Driving through the fog used to fill me with frustration.  The traffic would slow to a crawl and I knew that it would add at least another 5 minutes to my trip.

Since following the same road through Belair with my daughter, though, the experience has become completely different.  Every time we drive into the soupy mist, she delights at “driving through the clouds.”  Now, even if I am by myself the same fog seems to be a little magical.

Learning can often take a similar route.  Where students remark, “I can’t do this,” our first job at Mesh is often to find out what they can in fact do and then work with this.  Once they see that they are attaching new concepts to skills they already have, they gain an instant confidence boost.

As a teacher, there is really nothing quite like that moment when the light comes on and you hear the words, “Oh, now I get it!” 

What used to be a subject that instantly conjured negative thoughts starts to be broken down into manageable pieces.  For many students (although most probably would not admit it!) they even start to experience a sense of satisfaction because they are suddenly able to understand what is going on.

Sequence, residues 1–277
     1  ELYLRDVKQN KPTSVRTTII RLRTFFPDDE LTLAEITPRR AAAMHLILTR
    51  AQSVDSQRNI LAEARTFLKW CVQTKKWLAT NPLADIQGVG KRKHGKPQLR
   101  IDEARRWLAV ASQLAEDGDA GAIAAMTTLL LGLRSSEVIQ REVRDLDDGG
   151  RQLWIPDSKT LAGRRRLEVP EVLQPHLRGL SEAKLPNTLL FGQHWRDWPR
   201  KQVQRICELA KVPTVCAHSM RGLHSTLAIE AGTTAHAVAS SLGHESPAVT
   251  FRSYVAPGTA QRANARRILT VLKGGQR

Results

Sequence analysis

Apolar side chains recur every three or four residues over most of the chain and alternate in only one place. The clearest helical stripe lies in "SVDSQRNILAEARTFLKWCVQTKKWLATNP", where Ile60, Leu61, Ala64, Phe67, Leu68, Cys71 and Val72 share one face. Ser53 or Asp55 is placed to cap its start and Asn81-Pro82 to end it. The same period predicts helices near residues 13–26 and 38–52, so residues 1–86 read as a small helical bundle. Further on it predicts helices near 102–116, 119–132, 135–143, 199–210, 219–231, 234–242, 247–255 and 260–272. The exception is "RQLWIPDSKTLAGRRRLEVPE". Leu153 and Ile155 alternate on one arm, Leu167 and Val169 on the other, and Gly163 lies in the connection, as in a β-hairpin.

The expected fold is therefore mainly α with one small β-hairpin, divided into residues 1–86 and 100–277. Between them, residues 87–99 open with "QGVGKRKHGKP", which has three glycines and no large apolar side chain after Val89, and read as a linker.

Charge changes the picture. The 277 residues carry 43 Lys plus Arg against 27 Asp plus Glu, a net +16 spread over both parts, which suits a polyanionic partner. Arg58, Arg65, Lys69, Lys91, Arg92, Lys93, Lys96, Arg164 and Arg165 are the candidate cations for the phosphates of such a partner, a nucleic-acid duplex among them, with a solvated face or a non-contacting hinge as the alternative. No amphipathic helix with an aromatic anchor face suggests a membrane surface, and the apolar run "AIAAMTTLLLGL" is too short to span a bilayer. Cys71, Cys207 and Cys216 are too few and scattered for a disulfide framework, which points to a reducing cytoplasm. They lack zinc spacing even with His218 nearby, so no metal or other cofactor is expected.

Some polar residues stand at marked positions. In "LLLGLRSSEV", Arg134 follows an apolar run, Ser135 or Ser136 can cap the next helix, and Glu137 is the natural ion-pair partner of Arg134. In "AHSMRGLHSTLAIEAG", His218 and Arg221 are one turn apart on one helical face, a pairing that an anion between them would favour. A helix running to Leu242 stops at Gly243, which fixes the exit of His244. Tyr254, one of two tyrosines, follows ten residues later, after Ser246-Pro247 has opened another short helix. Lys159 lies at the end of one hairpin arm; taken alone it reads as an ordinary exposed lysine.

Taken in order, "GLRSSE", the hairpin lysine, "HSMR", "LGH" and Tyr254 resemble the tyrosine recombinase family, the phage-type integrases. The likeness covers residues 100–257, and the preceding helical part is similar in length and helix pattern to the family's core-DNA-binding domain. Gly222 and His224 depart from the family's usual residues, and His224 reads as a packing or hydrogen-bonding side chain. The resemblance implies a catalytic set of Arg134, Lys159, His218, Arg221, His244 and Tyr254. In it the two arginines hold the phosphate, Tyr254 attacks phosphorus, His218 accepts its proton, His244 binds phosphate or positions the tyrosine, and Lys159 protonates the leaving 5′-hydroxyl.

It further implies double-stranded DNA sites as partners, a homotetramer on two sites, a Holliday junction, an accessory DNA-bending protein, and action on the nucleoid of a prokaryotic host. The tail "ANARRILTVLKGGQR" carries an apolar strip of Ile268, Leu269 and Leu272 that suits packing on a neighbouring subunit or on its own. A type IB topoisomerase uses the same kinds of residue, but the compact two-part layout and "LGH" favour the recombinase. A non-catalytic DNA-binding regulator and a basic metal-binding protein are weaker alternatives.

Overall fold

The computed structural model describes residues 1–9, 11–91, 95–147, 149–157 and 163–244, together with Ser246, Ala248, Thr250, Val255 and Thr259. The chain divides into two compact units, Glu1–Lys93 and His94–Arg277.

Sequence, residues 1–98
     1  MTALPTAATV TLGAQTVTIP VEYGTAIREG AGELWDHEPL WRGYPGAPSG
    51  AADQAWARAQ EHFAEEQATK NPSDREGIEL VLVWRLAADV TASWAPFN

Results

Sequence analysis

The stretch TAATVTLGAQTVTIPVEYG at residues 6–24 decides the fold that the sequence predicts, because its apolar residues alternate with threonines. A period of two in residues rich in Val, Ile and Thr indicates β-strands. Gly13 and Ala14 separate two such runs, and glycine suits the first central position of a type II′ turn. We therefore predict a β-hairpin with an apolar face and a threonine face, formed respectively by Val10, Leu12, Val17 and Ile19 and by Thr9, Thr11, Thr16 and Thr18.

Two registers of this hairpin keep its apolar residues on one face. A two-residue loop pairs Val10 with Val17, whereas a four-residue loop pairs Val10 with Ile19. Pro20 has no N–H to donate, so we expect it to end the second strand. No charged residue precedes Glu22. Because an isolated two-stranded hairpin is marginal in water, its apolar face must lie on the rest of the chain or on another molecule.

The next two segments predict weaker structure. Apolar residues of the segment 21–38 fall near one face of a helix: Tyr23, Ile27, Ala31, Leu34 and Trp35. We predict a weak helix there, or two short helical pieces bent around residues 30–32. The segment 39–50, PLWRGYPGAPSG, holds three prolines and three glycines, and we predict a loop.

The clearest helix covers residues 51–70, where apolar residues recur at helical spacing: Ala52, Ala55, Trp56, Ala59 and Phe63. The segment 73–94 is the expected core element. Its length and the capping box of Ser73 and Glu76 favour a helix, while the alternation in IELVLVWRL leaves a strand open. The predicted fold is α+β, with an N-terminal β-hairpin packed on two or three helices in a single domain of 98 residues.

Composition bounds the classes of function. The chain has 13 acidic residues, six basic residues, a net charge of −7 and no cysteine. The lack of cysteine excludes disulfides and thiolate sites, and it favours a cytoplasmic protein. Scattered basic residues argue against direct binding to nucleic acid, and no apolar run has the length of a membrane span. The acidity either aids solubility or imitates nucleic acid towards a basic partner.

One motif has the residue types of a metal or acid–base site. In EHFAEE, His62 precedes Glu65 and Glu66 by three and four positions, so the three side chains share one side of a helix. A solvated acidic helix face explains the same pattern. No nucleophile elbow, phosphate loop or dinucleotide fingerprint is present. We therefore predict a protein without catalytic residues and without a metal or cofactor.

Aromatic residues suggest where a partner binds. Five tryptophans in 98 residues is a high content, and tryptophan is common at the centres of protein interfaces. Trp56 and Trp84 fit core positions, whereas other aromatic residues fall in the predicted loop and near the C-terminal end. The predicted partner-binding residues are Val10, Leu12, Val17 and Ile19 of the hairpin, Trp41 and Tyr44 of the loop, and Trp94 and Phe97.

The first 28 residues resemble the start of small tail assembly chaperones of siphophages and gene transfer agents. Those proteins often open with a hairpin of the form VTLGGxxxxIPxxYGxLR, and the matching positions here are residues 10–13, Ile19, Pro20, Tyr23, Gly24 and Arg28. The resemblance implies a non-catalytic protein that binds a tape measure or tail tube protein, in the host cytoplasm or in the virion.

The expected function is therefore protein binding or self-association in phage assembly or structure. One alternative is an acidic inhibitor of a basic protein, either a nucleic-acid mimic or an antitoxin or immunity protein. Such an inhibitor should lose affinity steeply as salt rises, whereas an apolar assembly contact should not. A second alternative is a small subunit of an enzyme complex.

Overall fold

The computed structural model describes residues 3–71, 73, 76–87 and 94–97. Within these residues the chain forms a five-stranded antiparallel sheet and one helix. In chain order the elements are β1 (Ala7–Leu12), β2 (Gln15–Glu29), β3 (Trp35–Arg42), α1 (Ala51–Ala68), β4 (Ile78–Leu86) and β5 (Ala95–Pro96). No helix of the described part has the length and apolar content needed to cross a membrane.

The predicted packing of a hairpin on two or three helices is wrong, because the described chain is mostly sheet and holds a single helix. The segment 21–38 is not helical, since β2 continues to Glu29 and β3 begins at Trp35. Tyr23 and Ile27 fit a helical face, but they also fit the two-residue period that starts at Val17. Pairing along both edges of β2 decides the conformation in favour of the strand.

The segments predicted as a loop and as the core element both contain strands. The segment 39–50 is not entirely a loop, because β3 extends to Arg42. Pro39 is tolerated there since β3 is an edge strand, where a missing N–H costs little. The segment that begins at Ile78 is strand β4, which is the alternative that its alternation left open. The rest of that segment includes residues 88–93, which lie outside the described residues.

Then, in some cases, we even hear reports of mum experiencing mild shock as their teen says something truly out-of-character like, “You know, I actually think I kind of like maths.”

It is always interesting to me that as we travel through life, we often unknowingly interpret events through the eyes of those around us.  As an educator, I have found that consciously being aware of the experience of learning has far more significance than being purely focussed just on teaching.